We will briefly describe the architecture of AutoLFADS, focusing on a high-level, theoretical overview over the basic organization and functionality of the various VMs created when beginning an AutoLFADS run. RADICaL follows exactly the same architecture as AutoLFADS. While this section describes the schema and theory behind the architecture of AutoLFADS, the steps to creating the basic architecture to begin an AutoLFADS or RADICaL run are described beginning in first-time setup.
Server and Client
The architecture of AutoLFADS is largely centered on using several virtual machines (VMs), which we can imagine as emulations of real computers. In any AutoLFADS run, we first create a single server machine, which we can imagine as essentially 'overseeing' an AutoLFADS run. It triggers all the workers to begin training, oversees exploit/explore methodology, and receives various data back from the worker population.
The next group of virtual machines we create are called 'client machines.' We can conceptualize the client machines as the VMs which actually run LFADS, which send and recieve information from the server machine. Each client machine has its own GPU and can run 3 processes at a time, in which each process can be used to train a worker. Using more client machines allows us to more quickly model our data when we want large numbers of workers.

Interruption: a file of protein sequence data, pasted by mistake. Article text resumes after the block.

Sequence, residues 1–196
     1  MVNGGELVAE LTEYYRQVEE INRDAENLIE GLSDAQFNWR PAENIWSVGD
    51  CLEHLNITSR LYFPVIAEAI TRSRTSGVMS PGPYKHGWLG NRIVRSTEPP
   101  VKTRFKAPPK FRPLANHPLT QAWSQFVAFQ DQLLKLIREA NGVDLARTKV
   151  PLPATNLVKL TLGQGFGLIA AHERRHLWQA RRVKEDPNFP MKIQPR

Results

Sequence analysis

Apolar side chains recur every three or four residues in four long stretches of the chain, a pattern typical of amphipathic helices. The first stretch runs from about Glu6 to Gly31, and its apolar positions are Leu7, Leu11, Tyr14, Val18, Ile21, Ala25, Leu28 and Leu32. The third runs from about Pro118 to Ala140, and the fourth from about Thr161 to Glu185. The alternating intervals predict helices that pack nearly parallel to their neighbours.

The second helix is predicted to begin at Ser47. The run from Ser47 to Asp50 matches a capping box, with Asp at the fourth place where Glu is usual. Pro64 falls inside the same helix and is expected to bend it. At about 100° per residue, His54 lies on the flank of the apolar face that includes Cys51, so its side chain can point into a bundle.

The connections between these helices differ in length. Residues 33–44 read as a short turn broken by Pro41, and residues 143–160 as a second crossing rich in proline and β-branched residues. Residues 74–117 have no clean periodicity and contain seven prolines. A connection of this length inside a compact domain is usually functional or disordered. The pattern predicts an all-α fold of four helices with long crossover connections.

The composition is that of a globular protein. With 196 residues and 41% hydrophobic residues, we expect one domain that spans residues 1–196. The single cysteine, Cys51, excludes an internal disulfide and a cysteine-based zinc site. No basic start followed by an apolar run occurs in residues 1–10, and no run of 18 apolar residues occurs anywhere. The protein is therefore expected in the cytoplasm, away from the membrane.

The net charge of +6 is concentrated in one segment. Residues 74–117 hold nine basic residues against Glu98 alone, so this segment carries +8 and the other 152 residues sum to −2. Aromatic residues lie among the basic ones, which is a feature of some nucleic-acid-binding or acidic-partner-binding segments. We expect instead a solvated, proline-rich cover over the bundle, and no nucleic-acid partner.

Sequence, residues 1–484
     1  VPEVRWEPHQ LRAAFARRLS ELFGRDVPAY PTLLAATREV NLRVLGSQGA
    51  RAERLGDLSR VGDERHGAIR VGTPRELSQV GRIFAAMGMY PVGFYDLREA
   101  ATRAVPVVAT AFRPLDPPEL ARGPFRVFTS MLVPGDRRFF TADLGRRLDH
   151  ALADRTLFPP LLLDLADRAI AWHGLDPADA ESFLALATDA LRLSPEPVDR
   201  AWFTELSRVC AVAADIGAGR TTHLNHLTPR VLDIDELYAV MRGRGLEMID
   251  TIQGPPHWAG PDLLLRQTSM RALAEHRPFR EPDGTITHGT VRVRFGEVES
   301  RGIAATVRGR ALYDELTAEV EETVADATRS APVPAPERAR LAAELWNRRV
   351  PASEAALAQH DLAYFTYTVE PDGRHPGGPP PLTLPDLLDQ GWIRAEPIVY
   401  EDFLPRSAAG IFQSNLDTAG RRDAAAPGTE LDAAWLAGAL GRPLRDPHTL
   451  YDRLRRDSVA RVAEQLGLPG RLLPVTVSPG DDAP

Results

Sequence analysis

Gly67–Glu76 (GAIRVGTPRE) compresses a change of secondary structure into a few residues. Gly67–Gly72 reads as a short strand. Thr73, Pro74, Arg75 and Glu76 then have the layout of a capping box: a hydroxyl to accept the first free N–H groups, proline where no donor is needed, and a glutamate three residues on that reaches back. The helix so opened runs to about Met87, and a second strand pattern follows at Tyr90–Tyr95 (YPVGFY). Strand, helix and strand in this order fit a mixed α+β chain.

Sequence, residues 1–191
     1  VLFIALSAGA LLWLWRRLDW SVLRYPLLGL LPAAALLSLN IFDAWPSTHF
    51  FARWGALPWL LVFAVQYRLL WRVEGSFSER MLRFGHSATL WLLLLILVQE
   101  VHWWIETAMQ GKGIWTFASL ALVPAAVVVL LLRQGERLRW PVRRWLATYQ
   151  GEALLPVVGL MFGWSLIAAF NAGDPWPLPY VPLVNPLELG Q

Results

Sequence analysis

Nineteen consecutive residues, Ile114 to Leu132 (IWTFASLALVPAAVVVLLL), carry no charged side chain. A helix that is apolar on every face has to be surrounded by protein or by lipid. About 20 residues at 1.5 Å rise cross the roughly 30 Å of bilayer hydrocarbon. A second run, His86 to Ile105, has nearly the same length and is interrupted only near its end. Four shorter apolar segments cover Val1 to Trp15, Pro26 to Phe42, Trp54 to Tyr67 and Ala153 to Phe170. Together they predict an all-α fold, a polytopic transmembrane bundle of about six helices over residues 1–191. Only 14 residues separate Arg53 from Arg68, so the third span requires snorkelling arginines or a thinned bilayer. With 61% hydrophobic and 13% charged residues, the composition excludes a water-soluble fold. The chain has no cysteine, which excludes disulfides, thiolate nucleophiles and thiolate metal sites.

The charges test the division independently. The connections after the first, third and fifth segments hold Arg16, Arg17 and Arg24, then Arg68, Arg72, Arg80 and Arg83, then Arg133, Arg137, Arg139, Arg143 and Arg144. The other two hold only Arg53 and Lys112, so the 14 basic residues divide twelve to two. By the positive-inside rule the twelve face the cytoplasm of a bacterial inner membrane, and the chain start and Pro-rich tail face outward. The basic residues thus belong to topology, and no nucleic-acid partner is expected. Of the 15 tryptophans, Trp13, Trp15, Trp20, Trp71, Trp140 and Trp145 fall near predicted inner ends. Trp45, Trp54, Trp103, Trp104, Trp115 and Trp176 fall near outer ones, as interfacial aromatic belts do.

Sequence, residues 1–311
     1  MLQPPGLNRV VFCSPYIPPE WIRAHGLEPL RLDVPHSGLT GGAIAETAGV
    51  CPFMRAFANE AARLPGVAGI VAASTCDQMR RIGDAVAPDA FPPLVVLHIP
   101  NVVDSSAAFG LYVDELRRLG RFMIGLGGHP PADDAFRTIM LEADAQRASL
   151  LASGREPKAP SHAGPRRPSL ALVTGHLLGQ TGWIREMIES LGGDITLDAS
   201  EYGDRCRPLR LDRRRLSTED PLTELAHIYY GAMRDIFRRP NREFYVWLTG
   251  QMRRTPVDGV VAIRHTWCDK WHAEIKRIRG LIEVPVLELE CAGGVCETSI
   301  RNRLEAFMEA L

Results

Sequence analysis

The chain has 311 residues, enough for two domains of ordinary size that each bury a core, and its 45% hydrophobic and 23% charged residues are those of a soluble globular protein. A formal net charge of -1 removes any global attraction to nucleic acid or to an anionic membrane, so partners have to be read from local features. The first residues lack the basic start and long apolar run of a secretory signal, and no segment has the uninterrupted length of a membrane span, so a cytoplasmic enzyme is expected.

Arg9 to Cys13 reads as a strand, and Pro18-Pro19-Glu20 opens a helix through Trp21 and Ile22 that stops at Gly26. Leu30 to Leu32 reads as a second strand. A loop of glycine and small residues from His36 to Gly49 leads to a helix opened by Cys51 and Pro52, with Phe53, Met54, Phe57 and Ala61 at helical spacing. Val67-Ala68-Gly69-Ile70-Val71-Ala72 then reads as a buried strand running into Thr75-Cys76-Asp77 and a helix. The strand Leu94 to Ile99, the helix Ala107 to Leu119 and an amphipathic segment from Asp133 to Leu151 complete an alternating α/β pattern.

Docker, Shared Storage, and MongoDB
While the interplay between server and client forms the backbone of an AutoLFADS run, there are various components that facilitate this.
The workers are run by client machines, but a LFADS worker generally requires a complex software setup. To avoid manual user set-up, each client machine has a Docker image with the required LFADS environment. For each client machine, each worker is run inside a Docker container.
For more information on Docker, https://docs.docker.com/engine/docker-overview/ offers a more comprehensive overview.
Shared storage contains the initial dataset AutoLFADS is analyzing, and throughout the run it stores the weights and HPs of each generation of worker.
We can imagine Mongo as facilitating the communication between server, clients, and shared storage. For instance, worker status is passed from the clients to server through Mongo.